Lull thanks clerks for response to early taxpayer rush

CHATHAM – Town Supervisor Maria Lull gave a “State of Town” address at the Town Board meeting on, January 18, the first regular board meeting of 2018.

“After 24 months in office, I am pleased to announce that our town is in a sound state; it is energized and vibrant, and it adheres to good governance practices,” she said at the meeting.

She reviewed projects and programs the board had worked on throughout the last year, including improvements at Crellin Park, securing grants for an electric car charging station in the municipal parking lot jointly owned by the Village of Chatham and the town; and receiving state approval for traffic lights on the Albany Turnpike Bridge in East Chatham, a project she said should be completed this year.

Ms. Lull also mentioned a $29,000 grant that the town received with Trout Unlimited for the Green Brook Road Stream Crossing Survey Evaluation and Prioritization Project. And she said the town Highway Department paved 1.94 miles of road, put gravel on 17.5 miles of road and installed 14 culverts, among other projects.

Looking ahead, she said the board plans to approve the new zoning code soon. The board will host planning consultant Nan Stolzenburg at their February 1 workshop meeting to review the next phase in preparing the proposed zoning laws. Ms. Stolzenburg has been working with a town committee on the proposed zoning law changes. The workshop meeting will be at 6 p.m. at Town Hall.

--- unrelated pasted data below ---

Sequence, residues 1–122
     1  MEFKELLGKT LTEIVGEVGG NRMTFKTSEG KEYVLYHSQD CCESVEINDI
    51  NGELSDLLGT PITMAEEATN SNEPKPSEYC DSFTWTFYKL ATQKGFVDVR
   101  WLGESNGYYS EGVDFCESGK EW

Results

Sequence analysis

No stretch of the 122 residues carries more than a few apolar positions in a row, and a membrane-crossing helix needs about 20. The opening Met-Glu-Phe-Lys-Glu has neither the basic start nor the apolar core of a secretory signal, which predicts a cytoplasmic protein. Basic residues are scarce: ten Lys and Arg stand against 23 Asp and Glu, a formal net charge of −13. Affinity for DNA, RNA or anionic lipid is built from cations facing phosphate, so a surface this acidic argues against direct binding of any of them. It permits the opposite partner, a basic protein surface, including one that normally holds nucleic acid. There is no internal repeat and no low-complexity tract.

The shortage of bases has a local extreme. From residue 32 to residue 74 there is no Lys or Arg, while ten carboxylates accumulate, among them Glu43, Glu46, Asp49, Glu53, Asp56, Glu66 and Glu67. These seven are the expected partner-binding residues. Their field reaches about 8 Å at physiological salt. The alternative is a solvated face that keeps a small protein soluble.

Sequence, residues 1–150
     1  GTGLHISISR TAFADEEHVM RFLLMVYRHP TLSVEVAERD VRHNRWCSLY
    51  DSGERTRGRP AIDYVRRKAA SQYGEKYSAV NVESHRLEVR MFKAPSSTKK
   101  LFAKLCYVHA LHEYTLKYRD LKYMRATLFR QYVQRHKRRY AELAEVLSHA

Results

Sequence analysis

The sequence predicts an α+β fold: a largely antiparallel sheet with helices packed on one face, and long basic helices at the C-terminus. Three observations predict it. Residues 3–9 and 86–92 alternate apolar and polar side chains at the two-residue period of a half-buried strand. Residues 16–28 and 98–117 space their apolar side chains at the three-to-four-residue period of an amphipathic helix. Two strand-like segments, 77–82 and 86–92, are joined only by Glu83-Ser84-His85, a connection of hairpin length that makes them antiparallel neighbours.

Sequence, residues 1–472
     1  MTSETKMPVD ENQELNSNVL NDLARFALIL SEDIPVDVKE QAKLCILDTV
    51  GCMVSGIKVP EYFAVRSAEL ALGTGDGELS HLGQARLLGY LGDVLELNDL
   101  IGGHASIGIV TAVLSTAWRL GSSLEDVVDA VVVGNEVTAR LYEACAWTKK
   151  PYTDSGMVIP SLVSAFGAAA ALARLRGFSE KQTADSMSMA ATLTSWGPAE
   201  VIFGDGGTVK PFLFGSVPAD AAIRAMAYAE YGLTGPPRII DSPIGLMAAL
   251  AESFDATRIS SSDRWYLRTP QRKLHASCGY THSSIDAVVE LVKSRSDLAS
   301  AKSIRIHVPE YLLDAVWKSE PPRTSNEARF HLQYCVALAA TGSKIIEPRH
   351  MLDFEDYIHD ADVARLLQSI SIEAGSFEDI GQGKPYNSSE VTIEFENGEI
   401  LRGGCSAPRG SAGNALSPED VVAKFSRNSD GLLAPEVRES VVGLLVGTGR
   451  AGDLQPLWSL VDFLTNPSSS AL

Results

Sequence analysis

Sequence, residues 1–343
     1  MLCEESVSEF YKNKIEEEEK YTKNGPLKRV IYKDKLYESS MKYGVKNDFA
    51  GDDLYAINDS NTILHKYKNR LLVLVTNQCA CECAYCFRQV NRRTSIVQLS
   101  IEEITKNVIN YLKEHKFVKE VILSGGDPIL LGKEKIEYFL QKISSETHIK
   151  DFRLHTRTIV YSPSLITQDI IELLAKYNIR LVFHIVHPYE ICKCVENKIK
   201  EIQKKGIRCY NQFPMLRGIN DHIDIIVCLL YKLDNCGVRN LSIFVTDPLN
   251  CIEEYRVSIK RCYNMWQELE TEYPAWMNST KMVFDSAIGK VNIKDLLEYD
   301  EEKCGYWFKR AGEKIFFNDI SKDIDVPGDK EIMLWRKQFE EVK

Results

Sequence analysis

Ms. Lull also said that in 2018 the town would get a new website and that all department heads and Town Board members will receive town email accounts. The current town website has a hosting issues and was down the day of the meeting.

The supervisor praised Town Clerk Beth Ann Rippel and the town’s deputy clerk for handling the hundreds of people who came to the town in last week of December and early January to pay their 2018 property taxes early.

She said the clerks “responded splendidly to the governor’s directive” that allowed citizens to make early payments on 2018 property tax bills. The directive made it possible for some taxpayers to deduct their 2018 town and county property taxes on their 2017 federal tax returns. The deduction will be capped starting in 2018 under the new federal tax law.

According to the clerk’s office, between December 29, 2017 and January 2, 2018, there were 378 transactions posted, totaling $1,155,077.22; nearly $122,000 of that amount was paid online.

“We anticipate a few wrinkles in the weeks to come as mortgage companies try to pay tax bills for escrowed customers who have ‘prepaid’ their 2018 tax bills,” Ms. Lull said in her address.

After the meeting, Ms. Rippel said, “We hadn’t anticipated the volume” of people who came in to pay. “In the past, we’ve had 1 or 2,” she said, compared to over 300 this year.

Ms. Lull ended her address by saying, “Through the use of multiple committees, we bring together diverse opinions to implement positive and interactive relationships with the town’s residents and we are committed to help all our residents gain a greater understanding of their municipal government.”

She thanked the volunteers on town committees and commended town officials and employees, saying, “Your support and engagement, will ensure that the town will continue on a course of stability, success, and prosperity.”

The next regular Town Board meeting will be Thursday, February 15 at 6 p.m. in the Town Hall on Route 295.

To contact reporter Emilia Teasdale email

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